Articles / History

Clara at 100 - by Steve J. Sherman

Photo of Clara Rockmore copyright Steve J Sherman all rights reserved no reuse

Photo: Clara at home, July 31, 1996 
Steve J. Sherman. All rights reserved.

I remember my dad, Bob Sherman, once responding to someone's remark about how strange an instrument the theremin is; having grown up as the nephew of Clara Rockmore, he wondered why they would think it strange. "After all, didn't everyone's aunt have a theremin in her home?"

They would have, had RCA had its way back in 1929… According to Albert Glinsky's authoritative book, "Theremin, Ether Music and Espionage," RCA's E. A. Nicholas said: "Any one who is able to hum a tune, sing or whistle is likely to play the RCA Theremin as well as a trained musician." (pg 101 - see footnote #13). An RCA promotional brochure trumpeted that, "Anyone can begin to play it on the same footing with the finest cellist, or pianist, or other instrumentalist in the world... it is the easiest of all instruments to play!… It is destined to be the universal musical instrument; people will play it as easily, and naturally, as they now write or walk." (pg 105 - see footnote # 25).

Well, as things turned out, everyone's aunt did not end up having one in her home, and if she had, most would not have been able to play it anyhow. But for dad it was still perfectly normal to have an aunt with a theremin, and of course, as the sister of his mom Nadia Reisenberg, it was just expected that she would play it exquisitely well.

By the time I came around, I too assumed it was perfectly natural for one's great-aunt to have a theremin in her home, and it sure sounded easy when she played it… I also assumed it was normal to go out to see one's grandmother playing piano recitals in really big rooms, such as Carnegie Hall… And for one's elders to play music together at family parties or just while enjoying a quiet afternoon visiting one another…

As a kid, visiting Clara was always a treat… After walking down the long hall to her Parc Vendome apartment, Clara would greet us at the door beaming, always beautiful, charming, graceful and elegant, with kisses and hugs and histrionics for all. We'd be invited to sit around her large square glossy-black table, and sip tea with lumps of cubed sugar (she always put the cube on her tongue and then sipped) and munch on La Vache qui Rit cheese squares on Ritz crackers, and other assorted cookies and cakes and Clementine oranges. We'd have animated conversations about all sorts of wonderful things, and at some point, Clara would usher us all into the living room, and once seated, she would step up to her theremin, dwarfed by the large diamond shaped speaker behind her, and with the painting of Paul Robeson as Otello off her right shoulder…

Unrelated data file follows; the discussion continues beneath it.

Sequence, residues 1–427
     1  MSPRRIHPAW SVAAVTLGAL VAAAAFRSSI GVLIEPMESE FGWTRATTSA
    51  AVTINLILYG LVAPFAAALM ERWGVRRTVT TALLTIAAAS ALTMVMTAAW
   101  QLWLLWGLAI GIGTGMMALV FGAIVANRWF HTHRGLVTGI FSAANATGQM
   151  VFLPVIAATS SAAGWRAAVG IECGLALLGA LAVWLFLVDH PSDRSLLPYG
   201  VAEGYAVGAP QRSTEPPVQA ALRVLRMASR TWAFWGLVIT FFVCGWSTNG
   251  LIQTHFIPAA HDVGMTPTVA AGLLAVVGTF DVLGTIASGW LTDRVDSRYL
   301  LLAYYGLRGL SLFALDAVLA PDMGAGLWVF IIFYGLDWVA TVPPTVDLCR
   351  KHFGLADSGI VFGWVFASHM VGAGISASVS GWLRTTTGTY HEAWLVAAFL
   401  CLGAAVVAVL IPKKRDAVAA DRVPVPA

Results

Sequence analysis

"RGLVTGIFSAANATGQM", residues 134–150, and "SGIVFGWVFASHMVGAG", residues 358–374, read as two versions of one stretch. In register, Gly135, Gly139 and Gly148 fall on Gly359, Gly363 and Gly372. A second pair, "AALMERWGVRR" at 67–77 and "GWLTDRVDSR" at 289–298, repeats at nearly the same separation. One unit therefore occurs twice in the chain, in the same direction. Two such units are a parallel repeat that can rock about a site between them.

She would turn the instrument on, let it warm up with a few small squeaks and blips, and suddenly that magnificent sound would burst forth, sweeping aside any errant air molecules in its path… Suddenly she was larger than life, with that intense far-away look in her face as she played – staring down the ages, commanding the soul with other-worldly force. I was enraptured, enveloped in velvet and electricity, watching the tea in my cup ripple with the sonic waves. Often I came over with Nadia, or Nadia and Newta together (the three Reisenberg sisters, or as they referred to themselves, the Romanov sisters), and then it was a real concert with Clara and Nadia sallying forth…

I mean, wasn't this every kids experience visiting with one's grandma and great-aunts?

Clara would always let me try my hand(s) at it. Happy Birthday was a great song to work on, since I knew it so well and it was so "easy." But it had an octave jump that distinguished between the amateurs and the rank amateurs… Alas, I was a rank… I was never able to get that song (or any other) to the point where it sounded like what it sounded like in my mind. A few years later, my younger brother Peter was able to get it to sound like something, and I was amazed, jealous, and ever more curious…

How could I know how lucky we were? I remember laughing at the mid-1960's sitcom "The Munsters" --- I always loved that they acted as just any normal family, and had no clue that they were any different. But it never occurred to me that there was any connection to us… We were perfectly normal…

Only when I became a teenager did I start to understand that in fact this was not normal, but outrageously weird. But in the best sense of those words!! It became something to talk about, a source of mystery and of pride – if only I could explain the damn thing to my degenerate musician hippie friends… high frequency electromagnetic fields, beat frequency oscillators, series resonant circuits… YIKES. Hey man, like just wave your hands in the air, man, and like beautiful music just comes out, man…

As a teenager I started visiting with Clara on my own, and we'd get into deep talks about art and philosophy and politics. She would regale me with stories, and she always wanted to have the latest up-t0-date gossip on my love life…! She was always so involved with family and especially the younger generations, and always over tea, with La vache qui rit on Ritz crackers…